Times have changed. Andy Shoemaker, a retired police officer and long-time trapper in May Township near Stillwater, said he thinks most Minnesota muskrats are harvested for fur coats and fur-lined hats and gloves, among other garments. Shoemaker considers the fur very beautiful, with seven or eight colors in a single pelt. There's a big international fur auction house in Ontario, he said, and large fur markets in China, Russia, South Korea and Japan.

Shoemaker said he suspects the muskrat decline is linked to the resurgence of major predators like bald eagles.

While no one knows what's causing the long-term decline, Ahlers said he suspects the loss, isolation and degradation of wetlands.

Erb agreed. The tiling of farmland to drain wet areas is also a likely factor, along with the climate-change-driven volatility of floods and droughts — extreme changes that can make life hard for muskrats, he said. Muskrat habitat is also vulnerable to invasive or exotic species such as carp and hybrid cattails.

A drop in muskrat population has been noticed by Darren Vogt, resource management division director at the 1854 Treaty Authority in Duluth, governed by the Grand Portage Band of Lake Superior Chippewa and the Bois Forte Band of Chippewa.

Vogt said tribal elders and ricers taught him that muskrats signal healthy wild rice stands, so central to Ojibwe culture. He's heard them described as "cleaners or gardeners of a lake." It's thought the mammals help wild rice by stirring up sediment and controlling other vegetation like cattails, watershield or pickerelweed.

Muskrats also hold a central place in an Ojibwe creation story as a humble and brave creature that, following a great flood, swam down to bring life-giving soil to the surface, he said.

Muskrats are much smaller than beavers and don't live nearly as long. They don't eat or tear down trees, or build dams that cause flooding like beavers. They build smaller huts out of plant stems, and also make homes by tunneling into banks along lakes or streams.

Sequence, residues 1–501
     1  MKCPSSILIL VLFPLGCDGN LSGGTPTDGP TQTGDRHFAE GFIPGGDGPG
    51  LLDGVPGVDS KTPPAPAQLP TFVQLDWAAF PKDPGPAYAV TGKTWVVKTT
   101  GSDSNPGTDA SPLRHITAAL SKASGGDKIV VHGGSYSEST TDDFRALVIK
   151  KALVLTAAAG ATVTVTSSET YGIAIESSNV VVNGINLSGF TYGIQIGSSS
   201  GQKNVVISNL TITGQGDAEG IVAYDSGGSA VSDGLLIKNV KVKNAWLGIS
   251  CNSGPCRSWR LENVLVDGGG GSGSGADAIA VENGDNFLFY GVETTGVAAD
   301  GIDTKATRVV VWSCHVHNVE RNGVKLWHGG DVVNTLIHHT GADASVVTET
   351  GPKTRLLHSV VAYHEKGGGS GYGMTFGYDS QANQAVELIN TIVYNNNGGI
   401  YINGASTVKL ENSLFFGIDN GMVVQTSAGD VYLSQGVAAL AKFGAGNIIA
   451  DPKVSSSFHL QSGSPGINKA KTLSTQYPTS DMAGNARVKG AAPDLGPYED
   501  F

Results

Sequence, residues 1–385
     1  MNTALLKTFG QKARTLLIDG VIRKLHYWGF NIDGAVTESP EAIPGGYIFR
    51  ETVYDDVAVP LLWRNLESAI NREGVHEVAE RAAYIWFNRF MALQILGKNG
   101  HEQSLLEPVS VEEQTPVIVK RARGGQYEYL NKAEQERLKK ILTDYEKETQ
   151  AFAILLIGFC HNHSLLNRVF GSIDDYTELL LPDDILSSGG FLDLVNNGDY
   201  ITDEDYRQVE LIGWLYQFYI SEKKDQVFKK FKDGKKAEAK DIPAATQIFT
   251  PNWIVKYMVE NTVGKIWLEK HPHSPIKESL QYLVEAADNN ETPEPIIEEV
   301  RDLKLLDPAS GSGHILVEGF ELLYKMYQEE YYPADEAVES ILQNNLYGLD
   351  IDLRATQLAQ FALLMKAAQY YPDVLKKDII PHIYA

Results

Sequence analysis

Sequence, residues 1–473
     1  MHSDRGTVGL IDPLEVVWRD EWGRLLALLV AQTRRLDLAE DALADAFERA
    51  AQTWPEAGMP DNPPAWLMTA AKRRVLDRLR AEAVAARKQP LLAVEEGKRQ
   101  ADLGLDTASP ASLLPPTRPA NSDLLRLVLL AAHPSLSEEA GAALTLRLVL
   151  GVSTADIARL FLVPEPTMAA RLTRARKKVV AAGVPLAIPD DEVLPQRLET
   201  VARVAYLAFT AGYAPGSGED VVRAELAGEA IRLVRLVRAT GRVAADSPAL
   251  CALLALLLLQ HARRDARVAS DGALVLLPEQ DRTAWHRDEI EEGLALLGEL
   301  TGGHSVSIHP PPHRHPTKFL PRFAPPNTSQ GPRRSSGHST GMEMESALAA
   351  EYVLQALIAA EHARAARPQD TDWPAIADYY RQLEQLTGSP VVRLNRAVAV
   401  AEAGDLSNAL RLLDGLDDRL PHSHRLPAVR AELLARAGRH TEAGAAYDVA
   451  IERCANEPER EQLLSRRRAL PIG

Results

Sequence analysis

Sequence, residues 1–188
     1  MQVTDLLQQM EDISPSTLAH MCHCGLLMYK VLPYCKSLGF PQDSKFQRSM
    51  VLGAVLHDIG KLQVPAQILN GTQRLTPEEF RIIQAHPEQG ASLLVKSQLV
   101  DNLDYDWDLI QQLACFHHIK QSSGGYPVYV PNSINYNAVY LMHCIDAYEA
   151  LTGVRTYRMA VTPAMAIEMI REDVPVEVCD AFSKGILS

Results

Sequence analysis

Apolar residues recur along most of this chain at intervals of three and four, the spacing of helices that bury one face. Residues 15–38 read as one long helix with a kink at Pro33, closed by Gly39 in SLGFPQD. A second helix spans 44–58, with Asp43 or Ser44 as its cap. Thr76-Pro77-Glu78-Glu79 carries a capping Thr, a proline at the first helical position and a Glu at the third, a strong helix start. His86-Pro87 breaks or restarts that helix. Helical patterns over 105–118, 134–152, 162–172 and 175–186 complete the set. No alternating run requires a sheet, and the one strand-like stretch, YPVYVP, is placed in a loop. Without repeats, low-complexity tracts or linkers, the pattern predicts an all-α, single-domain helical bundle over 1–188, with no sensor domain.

Mink and raptors will eat them — even a pike will take them, Erb said.

"Everything likes to eat a two-pound furry little hamburger," said Steve Windels, a wildlife biologist at Voyageurs National Park.

Windels recently experimented with muskrats' potential to control the hybrid cattails choking out other plants in Voyageurs National Park. The aggressive hybrids are formed by non-native narrow-leaf cattails crossing with the native broad-leaf cattails. Mats of hybrids can break off and float around, colliding with houseboats. One mat measured about 10 acres, Windels said. Chemicals are restricted in the park so staff are left chopping some up by hand. Nobody wants to deal with them.

"People that are outside the park push them into the park, or they push them into Canada," he said.

The muskrat project was a bust. There weren't enough of the critters, and those they sent out either died or went somewhere else.

It's not just a problem at Voyageurs. Why muskrats aren't naturally controlling the problematic hybrid cattails around the state was discussed at the DNR meeting, said Justin Pitt, DNR assistant area wildlife manager in Bemidji. He said he's pleased muskrats are "getting a little love here."